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By Julia Metraux

The day after the North Carolina legislature passed a bill restricting the use of masks, New York Gov. Kathy Hochul alarmed disability rights advocates when she announced that she was considering her own mask legislation. In an interview with CNN, Hochul indicated that such an effort to limit the use of face coverings would come in response to masked individuals “threatening or intimidating” Jewish people. Hochul’s proposal followed incidents of intimidation and vandalism, including a widely circulated video of anti-Israel protesters in a New York City subway car chanting, “Raise your hand if you’re a Zionist. This is your chance to get out.”

While Hochul indicated that masks could still be allowed if they “serve a purpose”—for example, “a surgical mask for someone who is elderly or ill”—her remarks prompted immediate concern, especially from immunocompromised people, those already living with Long Covid, and other vulnerable New Yorkers. The governor later said at a news conference on Thursday that any such mask ban would apply specifically to the subway and reiterated that there may be health exemptions.

But for some advocates—including members of Jewish community with health concerns who I spoke with—Hochul’s words were far from reassuring. Hochul didn’t explain how authorities would determine who could wear masks for health reasons, and some worried that doing so could expose them to harassment by the police. In North Carolina, Democrats in the legislature have criticized similarly vague exceptions in that state’s GOP-backed anti-masking bill, and many there argued that people of color would inevitably be targeted unfairly.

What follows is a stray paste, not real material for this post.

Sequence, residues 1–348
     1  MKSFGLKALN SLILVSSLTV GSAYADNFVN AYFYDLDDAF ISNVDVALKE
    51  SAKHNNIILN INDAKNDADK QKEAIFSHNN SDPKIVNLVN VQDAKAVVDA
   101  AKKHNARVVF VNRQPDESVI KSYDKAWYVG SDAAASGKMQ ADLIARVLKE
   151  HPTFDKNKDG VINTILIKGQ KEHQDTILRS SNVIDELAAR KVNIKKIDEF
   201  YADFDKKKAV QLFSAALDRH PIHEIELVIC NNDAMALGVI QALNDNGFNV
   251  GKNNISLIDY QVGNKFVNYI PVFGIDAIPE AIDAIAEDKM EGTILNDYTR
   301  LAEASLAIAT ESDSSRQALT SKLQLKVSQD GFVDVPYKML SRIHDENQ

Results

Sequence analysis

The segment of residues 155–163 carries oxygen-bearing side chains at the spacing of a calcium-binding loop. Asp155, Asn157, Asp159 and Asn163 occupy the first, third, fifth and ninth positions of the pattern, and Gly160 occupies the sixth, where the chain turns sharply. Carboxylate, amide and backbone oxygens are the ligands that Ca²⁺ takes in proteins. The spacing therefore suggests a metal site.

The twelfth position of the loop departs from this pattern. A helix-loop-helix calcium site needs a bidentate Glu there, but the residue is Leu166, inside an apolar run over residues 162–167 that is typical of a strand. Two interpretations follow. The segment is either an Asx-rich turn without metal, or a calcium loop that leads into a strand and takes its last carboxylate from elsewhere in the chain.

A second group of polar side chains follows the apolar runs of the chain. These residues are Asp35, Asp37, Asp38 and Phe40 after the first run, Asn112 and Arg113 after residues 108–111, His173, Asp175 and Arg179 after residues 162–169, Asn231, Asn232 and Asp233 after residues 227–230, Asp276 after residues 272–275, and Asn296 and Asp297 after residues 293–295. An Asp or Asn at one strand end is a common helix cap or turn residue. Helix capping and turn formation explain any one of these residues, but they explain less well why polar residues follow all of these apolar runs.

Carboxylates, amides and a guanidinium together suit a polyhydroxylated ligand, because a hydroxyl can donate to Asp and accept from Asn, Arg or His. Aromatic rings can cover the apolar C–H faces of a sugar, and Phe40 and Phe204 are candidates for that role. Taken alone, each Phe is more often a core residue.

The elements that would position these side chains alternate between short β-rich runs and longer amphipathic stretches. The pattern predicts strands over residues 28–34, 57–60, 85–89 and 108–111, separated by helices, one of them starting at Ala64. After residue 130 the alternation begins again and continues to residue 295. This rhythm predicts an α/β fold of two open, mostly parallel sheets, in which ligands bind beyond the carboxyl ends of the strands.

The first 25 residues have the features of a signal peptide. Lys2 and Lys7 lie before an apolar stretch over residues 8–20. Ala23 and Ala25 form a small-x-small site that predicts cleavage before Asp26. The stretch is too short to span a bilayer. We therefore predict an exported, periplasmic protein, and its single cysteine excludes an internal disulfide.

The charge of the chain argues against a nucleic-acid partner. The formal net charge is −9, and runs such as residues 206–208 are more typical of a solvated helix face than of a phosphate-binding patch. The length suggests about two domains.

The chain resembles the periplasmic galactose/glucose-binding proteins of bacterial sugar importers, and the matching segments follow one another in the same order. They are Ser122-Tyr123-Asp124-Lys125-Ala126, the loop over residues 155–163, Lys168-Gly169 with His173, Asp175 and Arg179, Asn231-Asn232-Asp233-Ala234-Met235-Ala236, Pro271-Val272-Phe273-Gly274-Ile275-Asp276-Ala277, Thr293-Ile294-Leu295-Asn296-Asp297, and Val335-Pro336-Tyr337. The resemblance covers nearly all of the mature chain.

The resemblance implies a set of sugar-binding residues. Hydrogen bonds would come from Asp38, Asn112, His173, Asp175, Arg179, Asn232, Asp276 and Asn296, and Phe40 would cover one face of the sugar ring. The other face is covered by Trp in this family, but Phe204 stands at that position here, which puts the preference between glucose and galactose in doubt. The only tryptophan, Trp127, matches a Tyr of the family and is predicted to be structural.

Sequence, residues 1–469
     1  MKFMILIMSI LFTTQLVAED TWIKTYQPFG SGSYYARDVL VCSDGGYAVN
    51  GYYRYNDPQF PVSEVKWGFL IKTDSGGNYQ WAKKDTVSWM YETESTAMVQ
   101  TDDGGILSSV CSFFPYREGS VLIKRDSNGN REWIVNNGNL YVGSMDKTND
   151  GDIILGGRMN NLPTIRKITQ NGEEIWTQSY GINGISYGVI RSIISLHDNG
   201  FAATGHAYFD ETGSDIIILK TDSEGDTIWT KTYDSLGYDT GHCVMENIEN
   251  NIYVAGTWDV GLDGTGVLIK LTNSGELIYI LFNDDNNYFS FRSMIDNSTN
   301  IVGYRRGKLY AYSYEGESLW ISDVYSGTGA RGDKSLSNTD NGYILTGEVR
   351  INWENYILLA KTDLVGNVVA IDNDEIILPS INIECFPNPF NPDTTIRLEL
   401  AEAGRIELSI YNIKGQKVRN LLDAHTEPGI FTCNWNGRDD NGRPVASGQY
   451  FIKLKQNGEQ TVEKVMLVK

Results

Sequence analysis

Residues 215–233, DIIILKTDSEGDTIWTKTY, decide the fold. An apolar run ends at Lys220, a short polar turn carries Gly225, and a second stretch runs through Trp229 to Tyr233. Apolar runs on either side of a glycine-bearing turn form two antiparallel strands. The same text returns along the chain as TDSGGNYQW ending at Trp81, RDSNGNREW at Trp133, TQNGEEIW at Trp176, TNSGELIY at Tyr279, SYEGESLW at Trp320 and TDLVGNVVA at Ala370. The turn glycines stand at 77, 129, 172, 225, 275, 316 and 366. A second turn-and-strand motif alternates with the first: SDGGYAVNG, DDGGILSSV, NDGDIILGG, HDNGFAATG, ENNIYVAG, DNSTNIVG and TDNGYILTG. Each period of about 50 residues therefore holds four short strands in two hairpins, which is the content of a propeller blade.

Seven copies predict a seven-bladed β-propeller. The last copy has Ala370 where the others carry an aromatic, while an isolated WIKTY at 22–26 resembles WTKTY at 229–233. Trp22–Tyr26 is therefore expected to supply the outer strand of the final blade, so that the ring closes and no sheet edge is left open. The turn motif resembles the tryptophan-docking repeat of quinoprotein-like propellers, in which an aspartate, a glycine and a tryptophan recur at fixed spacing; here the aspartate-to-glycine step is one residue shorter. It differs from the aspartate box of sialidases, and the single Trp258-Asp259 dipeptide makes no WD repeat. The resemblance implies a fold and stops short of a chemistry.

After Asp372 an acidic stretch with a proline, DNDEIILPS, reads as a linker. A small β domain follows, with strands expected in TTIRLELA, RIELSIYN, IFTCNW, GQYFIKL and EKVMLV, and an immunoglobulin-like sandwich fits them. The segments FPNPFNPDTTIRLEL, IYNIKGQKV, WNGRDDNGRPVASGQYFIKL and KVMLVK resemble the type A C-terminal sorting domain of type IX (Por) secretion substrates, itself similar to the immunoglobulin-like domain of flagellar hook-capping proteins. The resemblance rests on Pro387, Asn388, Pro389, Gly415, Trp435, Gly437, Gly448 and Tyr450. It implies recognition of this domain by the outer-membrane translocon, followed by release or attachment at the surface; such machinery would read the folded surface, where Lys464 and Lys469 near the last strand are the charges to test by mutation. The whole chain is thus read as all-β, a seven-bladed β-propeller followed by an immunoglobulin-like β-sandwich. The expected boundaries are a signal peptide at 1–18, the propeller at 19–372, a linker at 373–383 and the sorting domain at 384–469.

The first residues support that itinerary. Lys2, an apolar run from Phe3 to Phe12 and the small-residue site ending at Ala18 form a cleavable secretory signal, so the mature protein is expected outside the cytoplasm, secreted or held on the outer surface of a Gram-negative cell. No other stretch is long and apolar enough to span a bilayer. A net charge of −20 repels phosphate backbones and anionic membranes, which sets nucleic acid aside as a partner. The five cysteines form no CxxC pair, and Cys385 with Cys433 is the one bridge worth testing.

When Rikki Baker Keusch, a disabled New York-based Jewish community organizer, saw that Hochul was seriously thinking about a mask ban, they were livid. Taking Covid precautions has also become the norm in the Jewish community they are a part of in New York City. “We required everyone to test [for Covid] before Seder,” said Baker Keusch, who wears masks to protect themselves from infectious diseases during pro-Palestinian protests. Getting Covid again while at a demonstration would set back “all of the health progress I’ve barely been able to make since my last Covid infection,” Baker Keusch said.

People are far less likely to contract Covid if they wear an effective mask, with duckbill N95 masks being the most effective for preventing infections. Given the drop-off in testing, it is difficult know just how many people in New York have Covid. But data from the state shows that the age groups with the most diagnosed cases are children under one-year-old and adults over 85.

“I have to take the subway to get to my work because there are so few remote jobs anymore,” Baker Keusch added. “I’m regularly the only person who masks on the subway.”

Sharon Dolin, a New York Jewish poet, has never tested positive for Covid. Over a year ago, she was diagnosed with breast cancer, and she still takes medicine which weakens her immune system. Dolin continues to mask on public transportation, but not always indoors.

Dolin says Hochul “shouldn’t have a right to ban all masks.” Dolin did take issue with pro-Palestinian protestors wearing masks, she says, “to make it more difficult to identify them.” But a ban on masks, she worries, “definitely overlaps with people who are trying to protect their health.”

Elana Levin, a Jews For Racial & Economic Justice member who has dealt with Long Covid, was horrified to see Hochul jump on the mask ban bandwagon.

“This is in line with all of her other Covid-minimizing, anti-public health stances,” like removing masking requirements in hospitals, Levin said. “But it is still very beyond the pale.”

Levin plans to continue wearing their N95 in public but is concerned that their neighbors of color, who also continue to mask, could be targeted by the police for doing so.

Baker Keusch also worries that banning masks in the name of Jewish safety could lead to antisemitism in Covid-cautious communities. Hochul’s rhetoric “sets us up for more antisemitism,” Baker Keusch says, as some may blame “Jews for lowering Covid precautions.”

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